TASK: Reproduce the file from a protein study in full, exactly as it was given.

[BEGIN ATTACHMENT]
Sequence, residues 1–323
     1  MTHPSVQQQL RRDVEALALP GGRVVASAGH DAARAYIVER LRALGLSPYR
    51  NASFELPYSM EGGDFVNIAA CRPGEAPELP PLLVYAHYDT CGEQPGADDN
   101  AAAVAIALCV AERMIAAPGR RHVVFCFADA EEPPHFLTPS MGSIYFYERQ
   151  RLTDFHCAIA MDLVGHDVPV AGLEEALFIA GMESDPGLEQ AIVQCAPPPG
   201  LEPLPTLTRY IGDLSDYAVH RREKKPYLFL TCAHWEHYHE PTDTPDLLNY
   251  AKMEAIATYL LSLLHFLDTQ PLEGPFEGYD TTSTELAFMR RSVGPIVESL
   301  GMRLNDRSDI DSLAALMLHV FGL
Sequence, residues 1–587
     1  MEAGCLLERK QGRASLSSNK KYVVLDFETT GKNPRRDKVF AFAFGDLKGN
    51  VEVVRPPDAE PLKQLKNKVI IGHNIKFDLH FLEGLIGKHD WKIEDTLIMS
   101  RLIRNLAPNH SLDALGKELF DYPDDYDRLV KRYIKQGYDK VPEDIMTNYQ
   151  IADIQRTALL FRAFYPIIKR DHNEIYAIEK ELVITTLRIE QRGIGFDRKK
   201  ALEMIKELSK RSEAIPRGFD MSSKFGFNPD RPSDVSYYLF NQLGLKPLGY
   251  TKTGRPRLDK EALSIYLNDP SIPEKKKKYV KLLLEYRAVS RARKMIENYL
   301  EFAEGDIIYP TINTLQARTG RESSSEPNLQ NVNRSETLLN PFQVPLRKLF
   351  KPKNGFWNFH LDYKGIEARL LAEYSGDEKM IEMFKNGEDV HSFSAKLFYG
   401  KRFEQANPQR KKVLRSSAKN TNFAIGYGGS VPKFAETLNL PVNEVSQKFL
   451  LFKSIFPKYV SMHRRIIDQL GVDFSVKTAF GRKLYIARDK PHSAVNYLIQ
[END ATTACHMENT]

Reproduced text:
Sequence, residues 1–323
     1  MTHPSVQQQL RRDVEALALP GGRVVASAGH DAARAYIVER LRALGLSPYR
    51  NASFELPYSM EGGDFVNIAA CRPGEAPELP PLLVYAHYDT CGEQPGADDN
   101  AAAVAIALCV AERMIAAPGR RHVVFCFADA EEPPHFLTPS MGSIYFYERQ
   151  RLTDFHCAIA MDLVGHDVPV AGLEEALFIA GMESDPGLEQ AIVQCAPPPG
   201  LEPLPTLTRY IGDLSDYAVH RREKKPYLFL TCAHWEHYHE PTDTPDLLNY
   251  AKMEAIATYL LSLLHFLDTQ PLEGPFEGYD TTSTELAFMR RSVGPIVESL
   301  GMRLNDRSDI DSLAALMLHV FGL
Sequence, residues 1–587
     1  MEAGCLLERK QGRASLSSNK KYVVLDFETT GKNPRRDKVF AFAFGDLKGN
    51  VEVVRPPDAE PLKQLKNKVI IGHNIKFDLH FLEGLIGKHD WKIEDTLIMS
   101  RLIRNLAPNH SLDALGKELF DYPDDYDRLV KRYIKQGYDK VPEDIMTNYQ
   151  IADIQRTALL FRAFYPIIKR DHNEIYAIEK ELVITTLRIE QRGIGFDRKK
   201  ALEMIKELSK RSEAIPRGFD MSSKFGFNPD RPSDVSYYLF NQLGLKPLGY
   251  TKTGRPRLDK EALSIYLNDP SIPEKKKKYV KLLLEYRAVS RARKMIENYL
   301  EFAEGDIIYP TINTLQARTG RESSSEPNLQ NVNRSETLLN PFQVPLRKLF
   351  KPKNGFWNFH LDYKGIEARL LAEYSGDEKM IEMFKNGEDV HSFSAKLFYG
   401  KRFEQANPQR KKVLRSSAKN TNFAIGYGGS VPKFAETLNL PVNEVSQKFL
   451  LFKSIFPKYV SMHRRIIDQL GVDFSVKTAF GRKLYIARDK PHSAVNYLIQ